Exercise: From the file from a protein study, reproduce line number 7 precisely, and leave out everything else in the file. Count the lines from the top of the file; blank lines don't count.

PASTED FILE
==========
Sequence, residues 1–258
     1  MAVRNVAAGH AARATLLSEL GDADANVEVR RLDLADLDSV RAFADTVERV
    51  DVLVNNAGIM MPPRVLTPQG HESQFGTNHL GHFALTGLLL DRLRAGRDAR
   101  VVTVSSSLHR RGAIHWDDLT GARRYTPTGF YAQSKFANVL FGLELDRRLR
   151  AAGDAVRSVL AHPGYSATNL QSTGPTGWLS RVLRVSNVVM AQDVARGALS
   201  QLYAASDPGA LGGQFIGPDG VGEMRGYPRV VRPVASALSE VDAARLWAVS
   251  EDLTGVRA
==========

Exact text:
   251  EDLTGVRA